Page 163.—In the last address of the Congress to the People of Great Britain are the following Passages:
“We are accused of aiming at Independence; but how is this accusation supported? by the allegations of your ministers, not by our actions. Abused, insulted and contemned, what steps have we pursued to obtain Redress? We have carried our dutiful Petitions to the Throne; we have applied to your justice for Relief.”
Page 165.—“Give us leave most solemnly to assure you that we have not yet lost sight of the object we have ever had in view, a Reconciliation with you on constitutional Principles, and a Restoration of that friendly Intercourse which to the advantage of both, we till lately maintained.”
Page 172.—In the address of the Congress to the Lord Mayor, Aldermen and Livery of London, there is this Paragraph, vizt:
“North America, my Lords, wishes most ardently for a lasting connection with Great Britain on terms of just and equal liberty.”
From these testimonies it appears extremely evident that to charge the Congress with aiming at a separation of these Colonies from Great Britain, is to charge them falsely and without a single spark of evidence to support the accusation. Many other passages in their Journal might be mentioned, but as that would exceed the limits of this paper, I shall reserve them for some future publication.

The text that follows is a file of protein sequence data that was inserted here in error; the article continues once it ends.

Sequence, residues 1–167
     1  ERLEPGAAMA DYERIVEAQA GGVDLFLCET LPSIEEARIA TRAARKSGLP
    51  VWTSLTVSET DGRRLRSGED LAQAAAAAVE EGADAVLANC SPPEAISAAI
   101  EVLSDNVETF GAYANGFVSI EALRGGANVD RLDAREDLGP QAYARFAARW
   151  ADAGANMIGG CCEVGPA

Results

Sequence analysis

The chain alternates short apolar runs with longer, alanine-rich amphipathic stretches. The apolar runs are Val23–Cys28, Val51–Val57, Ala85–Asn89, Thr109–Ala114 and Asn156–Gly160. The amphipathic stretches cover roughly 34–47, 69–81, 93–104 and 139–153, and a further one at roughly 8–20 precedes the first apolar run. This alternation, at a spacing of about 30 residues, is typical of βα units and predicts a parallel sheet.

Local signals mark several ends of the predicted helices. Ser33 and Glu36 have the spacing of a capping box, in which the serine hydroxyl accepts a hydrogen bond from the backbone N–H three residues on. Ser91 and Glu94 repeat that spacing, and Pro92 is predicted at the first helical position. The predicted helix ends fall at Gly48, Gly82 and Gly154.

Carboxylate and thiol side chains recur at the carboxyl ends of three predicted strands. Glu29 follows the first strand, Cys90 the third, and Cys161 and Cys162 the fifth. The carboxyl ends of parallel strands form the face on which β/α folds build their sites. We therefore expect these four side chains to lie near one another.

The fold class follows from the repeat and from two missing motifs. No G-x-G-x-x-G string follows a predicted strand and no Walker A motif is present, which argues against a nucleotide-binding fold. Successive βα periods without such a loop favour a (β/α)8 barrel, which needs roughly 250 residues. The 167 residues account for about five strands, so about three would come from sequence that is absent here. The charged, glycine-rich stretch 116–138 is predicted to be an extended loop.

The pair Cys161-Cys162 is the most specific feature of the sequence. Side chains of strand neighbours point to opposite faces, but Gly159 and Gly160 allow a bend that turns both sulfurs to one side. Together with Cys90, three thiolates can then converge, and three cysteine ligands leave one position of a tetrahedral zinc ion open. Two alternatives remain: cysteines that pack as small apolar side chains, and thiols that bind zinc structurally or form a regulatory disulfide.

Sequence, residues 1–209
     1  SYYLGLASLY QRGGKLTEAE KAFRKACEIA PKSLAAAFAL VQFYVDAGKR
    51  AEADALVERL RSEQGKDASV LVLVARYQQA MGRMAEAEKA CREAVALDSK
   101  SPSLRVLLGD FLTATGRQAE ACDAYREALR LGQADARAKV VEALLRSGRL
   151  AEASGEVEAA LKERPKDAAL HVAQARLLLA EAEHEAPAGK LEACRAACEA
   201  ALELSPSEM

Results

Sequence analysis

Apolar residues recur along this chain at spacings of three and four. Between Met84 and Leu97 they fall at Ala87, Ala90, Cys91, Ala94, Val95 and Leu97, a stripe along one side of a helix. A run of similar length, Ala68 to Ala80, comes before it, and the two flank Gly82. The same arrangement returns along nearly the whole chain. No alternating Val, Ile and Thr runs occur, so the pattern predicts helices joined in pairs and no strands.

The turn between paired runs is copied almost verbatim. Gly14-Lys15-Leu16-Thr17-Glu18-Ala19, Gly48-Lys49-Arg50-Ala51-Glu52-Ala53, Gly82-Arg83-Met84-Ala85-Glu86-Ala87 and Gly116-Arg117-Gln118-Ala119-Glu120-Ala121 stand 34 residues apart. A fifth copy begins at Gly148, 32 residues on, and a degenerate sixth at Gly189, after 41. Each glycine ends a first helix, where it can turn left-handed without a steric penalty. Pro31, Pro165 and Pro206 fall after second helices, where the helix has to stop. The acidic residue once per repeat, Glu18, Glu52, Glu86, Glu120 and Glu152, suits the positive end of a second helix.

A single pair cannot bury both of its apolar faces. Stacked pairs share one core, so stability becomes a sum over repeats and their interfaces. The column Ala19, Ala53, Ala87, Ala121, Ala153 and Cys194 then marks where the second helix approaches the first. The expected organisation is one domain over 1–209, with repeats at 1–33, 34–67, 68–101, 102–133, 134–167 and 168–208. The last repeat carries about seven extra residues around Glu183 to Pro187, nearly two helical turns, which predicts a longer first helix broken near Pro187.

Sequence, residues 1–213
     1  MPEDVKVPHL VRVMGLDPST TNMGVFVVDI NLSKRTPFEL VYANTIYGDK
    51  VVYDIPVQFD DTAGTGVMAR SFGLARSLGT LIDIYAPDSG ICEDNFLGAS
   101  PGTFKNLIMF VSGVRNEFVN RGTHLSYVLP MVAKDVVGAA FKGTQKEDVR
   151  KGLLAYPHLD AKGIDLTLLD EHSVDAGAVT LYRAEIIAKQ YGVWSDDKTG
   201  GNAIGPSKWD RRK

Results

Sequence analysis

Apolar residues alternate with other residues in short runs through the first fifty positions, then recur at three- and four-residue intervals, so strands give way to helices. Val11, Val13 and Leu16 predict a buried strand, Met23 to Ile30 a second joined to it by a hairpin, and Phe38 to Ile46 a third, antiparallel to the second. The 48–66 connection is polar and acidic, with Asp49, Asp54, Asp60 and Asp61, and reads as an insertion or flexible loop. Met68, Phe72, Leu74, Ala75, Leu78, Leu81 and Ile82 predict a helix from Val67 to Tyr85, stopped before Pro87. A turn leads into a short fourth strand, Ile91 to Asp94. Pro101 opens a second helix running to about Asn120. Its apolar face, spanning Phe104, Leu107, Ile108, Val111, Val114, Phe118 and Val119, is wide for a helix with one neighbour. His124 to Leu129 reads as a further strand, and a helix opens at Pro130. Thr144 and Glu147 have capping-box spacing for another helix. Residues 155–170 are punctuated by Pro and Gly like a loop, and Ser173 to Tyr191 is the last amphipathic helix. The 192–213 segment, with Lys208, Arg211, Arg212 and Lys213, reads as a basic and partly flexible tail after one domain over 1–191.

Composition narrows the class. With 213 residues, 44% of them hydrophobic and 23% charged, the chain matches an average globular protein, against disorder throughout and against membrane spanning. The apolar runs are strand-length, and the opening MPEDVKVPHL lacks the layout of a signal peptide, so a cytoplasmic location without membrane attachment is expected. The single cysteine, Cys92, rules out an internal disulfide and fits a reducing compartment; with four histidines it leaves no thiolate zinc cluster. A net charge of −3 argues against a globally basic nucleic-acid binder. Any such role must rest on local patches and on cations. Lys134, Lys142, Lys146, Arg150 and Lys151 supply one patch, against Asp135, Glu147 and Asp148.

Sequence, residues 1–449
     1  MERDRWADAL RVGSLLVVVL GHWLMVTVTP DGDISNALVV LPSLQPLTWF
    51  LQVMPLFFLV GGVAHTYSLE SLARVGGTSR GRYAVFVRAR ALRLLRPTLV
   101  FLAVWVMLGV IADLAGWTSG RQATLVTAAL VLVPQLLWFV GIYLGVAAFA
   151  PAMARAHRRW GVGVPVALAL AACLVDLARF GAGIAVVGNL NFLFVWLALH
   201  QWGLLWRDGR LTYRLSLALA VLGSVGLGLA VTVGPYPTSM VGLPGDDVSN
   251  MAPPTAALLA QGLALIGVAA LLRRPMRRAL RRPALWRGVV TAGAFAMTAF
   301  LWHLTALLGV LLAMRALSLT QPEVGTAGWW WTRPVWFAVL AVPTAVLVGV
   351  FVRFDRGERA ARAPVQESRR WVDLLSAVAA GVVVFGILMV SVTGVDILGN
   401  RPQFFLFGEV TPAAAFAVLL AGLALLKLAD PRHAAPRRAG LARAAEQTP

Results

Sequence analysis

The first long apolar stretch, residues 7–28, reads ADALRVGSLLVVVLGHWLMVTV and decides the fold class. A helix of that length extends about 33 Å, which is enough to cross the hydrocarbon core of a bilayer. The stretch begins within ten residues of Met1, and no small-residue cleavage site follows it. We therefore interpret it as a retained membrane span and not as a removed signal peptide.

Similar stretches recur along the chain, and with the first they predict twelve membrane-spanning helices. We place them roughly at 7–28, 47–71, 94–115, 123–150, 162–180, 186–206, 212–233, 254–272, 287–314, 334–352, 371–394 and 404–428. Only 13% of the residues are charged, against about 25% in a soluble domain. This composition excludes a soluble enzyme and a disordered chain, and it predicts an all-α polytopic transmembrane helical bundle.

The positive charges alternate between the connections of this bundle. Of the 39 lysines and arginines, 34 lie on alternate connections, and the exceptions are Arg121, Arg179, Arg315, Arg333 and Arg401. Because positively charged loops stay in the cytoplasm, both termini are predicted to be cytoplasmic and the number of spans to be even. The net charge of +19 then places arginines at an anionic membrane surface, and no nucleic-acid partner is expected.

It is much to be wished that people would read the Proceedings of the Congress and consult their own judgments, and not suffer themselves to be duped by men who are paid for deceiving them.
[1 ]In the early stages of the discussion on the expediency of formally separating from the mother country, Jay, with the majority of his colleagues in Congress and the leaders of the day, took a conservative position. The above paper was doubtless intended, with many others printed at the time, to forestall precipitate action on so vital a question. Whether it was published in the form here given does not appear, but a longer communication signed “Seek Truth,” following the same line of argument and containing the same or like extracts from the records of Congress, is to be found in Force’s “American Archives,” 4th Ser., vol. v., p. 1011, suggesting the possibility that it may have been Jay’s own elaboration of this first draft preserved among his papers. As the situation changed and a Declaration of Independence became the one necessary and saving step, few men labored more zealously to make it an accomplished fact than Jay. See his resolutions in N. Y. Convention, July 9, 1776.